Build up speed slowly, focus more on reducing movement/distance rather than just going fast. Play till near breaking point and slow down till clean again, stop on playing cleanly rather than a mess.

This post has been edited by Azzaboi: Jul 30 2011, 09:50 PM


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Cosmin Lupu
post Jul 30 2011, 10:49 PM
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Good advice from Aaron! smile.gif you should also, take care on being as relaxed as possible when doing these exercises. The speed is a by product of accuracy and accuracy comes down from being relaxed and certain on your skills. Work out slowly until you can play correctly! smile.gif


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Ivan Milenkovic
post Jul 31 2011, 10:34 AM
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This looks very good, well done! smile.gif


What I suggest is that you try to practice it a slower tempos than this. Like Cosmin said, you need to work on your accuracy on slower tempos. Try to cut down pauses in between the notes (those small pauses that you make when transferring). Only way to do this is to really slow down, and practice transferring the fingers between the notes with as little delay as possible.


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WillHuang
post Jul 31 2011, 11:43 AM
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In the Am Pentatonic Scale, when I play A -> C -> D , the A and C is on the 6th string, when I play D on the 5th string, the sound from 6th string is not yet muted. How could I mute it? Do I need to use my right hand or left hand? I don't know what's the correct way to mute it. sad.gif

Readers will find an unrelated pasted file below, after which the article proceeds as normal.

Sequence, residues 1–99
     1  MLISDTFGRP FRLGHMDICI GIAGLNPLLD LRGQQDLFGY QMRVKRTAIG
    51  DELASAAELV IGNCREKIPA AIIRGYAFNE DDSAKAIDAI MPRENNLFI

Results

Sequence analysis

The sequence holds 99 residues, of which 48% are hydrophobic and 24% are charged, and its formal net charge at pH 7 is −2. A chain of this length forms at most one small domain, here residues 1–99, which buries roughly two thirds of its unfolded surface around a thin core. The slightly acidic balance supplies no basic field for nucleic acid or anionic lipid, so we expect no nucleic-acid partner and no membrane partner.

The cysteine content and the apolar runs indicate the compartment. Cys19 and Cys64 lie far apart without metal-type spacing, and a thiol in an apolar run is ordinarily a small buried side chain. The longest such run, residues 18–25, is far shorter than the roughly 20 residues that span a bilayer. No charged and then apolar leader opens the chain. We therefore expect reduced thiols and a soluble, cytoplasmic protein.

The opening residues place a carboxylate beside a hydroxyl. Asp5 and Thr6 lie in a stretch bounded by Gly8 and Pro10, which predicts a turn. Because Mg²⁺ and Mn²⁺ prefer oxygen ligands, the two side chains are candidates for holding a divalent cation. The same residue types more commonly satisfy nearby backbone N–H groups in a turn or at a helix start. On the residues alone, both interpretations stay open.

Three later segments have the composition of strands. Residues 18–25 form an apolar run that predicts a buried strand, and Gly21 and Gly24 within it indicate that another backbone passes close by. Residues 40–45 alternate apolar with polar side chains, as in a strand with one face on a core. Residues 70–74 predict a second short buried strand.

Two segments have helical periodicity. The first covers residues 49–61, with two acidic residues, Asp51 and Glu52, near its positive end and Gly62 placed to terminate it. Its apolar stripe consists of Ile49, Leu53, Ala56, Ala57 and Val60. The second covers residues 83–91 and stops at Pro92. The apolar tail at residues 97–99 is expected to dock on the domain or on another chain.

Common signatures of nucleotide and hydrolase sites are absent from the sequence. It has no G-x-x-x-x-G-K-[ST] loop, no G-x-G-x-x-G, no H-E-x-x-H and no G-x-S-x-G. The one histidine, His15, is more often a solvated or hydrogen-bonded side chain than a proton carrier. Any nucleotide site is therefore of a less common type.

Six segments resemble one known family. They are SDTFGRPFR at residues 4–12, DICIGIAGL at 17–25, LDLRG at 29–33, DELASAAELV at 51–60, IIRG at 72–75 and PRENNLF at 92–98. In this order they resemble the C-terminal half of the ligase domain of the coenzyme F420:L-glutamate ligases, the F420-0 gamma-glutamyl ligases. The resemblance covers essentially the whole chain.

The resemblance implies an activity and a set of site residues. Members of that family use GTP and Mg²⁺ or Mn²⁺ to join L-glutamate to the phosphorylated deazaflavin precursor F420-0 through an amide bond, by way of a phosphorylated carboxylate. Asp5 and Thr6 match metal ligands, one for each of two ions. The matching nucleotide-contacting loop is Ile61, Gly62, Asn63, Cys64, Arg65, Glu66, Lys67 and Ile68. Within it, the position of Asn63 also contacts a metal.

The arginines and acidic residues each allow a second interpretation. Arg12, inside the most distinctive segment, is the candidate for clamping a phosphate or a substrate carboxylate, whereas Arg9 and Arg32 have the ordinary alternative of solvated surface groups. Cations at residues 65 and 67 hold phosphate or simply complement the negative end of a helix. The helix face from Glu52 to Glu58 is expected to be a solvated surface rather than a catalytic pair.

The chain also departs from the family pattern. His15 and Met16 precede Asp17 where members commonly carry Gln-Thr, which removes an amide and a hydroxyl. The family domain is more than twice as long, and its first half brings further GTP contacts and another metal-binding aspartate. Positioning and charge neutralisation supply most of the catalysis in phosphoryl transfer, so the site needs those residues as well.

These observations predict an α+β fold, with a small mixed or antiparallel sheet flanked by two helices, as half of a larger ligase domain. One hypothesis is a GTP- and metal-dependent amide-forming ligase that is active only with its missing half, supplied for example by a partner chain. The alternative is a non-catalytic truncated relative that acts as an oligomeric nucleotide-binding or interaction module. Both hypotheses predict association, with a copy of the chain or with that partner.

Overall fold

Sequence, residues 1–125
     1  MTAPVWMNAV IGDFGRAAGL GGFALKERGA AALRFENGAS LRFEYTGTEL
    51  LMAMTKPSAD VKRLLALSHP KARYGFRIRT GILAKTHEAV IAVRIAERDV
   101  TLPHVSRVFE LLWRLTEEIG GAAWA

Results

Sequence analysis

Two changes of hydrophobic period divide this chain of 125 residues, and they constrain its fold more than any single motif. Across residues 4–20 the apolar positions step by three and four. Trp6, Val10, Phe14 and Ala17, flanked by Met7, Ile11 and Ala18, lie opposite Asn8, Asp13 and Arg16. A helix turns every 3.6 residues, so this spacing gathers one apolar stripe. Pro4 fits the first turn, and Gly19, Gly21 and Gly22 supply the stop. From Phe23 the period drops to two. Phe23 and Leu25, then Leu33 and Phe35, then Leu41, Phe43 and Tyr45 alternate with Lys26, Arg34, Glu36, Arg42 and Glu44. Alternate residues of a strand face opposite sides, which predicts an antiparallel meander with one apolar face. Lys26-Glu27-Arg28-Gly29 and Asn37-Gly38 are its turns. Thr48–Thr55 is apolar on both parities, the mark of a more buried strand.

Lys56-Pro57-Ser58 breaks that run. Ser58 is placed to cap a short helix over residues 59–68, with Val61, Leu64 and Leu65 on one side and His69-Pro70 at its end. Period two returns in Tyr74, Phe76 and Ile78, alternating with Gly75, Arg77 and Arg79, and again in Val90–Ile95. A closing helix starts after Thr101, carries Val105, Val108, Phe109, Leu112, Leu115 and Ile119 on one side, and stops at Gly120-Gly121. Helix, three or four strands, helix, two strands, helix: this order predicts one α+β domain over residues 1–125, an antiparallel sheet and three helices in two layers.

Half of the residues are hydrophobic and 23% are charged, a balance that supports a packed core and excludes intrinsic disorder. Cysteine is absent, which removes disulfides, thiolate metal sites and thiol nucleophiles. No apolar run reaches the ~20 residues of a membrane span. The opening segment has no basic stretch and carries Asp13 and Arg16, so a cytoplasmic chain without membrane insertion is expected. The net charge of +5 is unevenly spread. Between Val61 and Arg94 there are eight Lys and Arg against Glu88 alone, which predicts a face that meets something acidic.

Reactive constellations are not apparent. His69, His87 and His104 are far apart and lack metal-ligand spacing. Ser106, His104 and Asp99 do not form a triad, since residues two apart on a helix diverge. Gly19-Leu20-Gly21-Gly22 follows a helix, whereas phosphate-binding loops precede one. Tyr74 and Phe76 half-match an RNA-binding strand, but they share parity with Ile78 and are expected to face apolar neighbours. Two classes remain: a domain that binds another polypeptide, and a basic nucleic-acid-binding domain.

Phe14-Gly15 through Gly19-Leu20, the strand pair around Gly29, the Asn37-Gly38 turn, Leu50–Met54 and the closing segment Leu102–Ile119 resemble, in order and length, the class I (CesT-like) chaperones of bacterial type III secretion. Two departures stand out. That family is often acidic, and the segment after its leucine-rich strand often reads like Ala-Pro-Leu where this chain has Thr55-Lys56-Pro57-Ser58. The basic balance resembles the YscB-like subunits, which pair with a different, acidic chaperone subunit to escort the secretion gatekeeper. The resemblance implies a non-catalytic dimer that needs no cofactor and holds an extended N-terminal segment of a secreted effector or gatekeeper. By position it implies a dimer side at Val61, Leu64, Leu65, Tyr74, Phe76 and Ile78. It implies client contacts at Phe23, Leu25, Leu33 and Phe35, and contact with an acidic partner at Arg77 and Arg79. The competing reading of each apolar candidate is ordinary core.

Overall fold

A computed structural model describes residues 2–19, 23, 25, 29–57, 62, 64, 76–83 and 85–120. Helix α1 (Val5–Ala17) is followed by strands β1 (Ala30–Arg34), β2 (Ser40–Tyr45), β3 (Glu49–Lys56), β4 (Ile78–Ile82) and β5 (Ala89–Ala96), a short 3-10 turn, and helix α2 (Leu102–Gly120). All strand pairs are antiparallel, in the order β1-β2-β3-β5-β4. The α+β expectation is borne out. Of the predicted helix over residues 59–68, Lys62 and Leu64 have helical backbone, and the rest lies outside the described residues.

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Ben Higgins
post Jul 31 2011, 01:36 PM
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QUOTE (WillHuang @ Jul 31 2011, 11:43 AM) *
In the Am Pentatonic Scale, when I play A -> C -> D , the A and C is on the 6th string, when I play D on the 5th string, the sound from 6th string is not yet muted. How could I mute it? Do I need to use my right hand or left hand? I don't know what's the correct way to mute it. sad.gif


A common mistake that some players make is to move their entire hand up or down over the strings. For example if they play on the high strings, they might move their entire wrist down to meet them when they don't need to.

Without playing, just put your hand on your guitar as if you were going to play a chord, like Emajor or Eminor... from that relaxed position, you should be able to angle your fingers down and slightly away from the strings to reach the G,B & E strings without moving your whole wrist position down and off of the bottom E.

Azzaboi's description of the 'Karate Chop' postion for muting is probably the best I've ever seen.


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WillHuang
post Jul 31 2011, 04:46 PM
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This is my practicing today. I do have tried to mute string from my right hand. I was using the palm of the right hand that near the wrist to slighly touch the string I want to mute. I don't is that correct or not. Here is the video recording below:



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Ben Higgins
post Jul 31 2011, 04:53 PM
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Yeah that looks good Will. It's the side of your hand (the side of your little finger) that rests on the strings. It seems that you are doing it right. smile.gif


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Bogdan Radovic
post Jul 31 2011, 05:28 PM
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QUOTE (WillHuang @ Jul 31 2011, 05:46 PM) *
This is my practicing today. I do have tried to mute string from my right hand. I was using the palm of the right hand that near the wrist to slighly touch the string I want to mute. I don't is that correct or not. Here is the video recording below: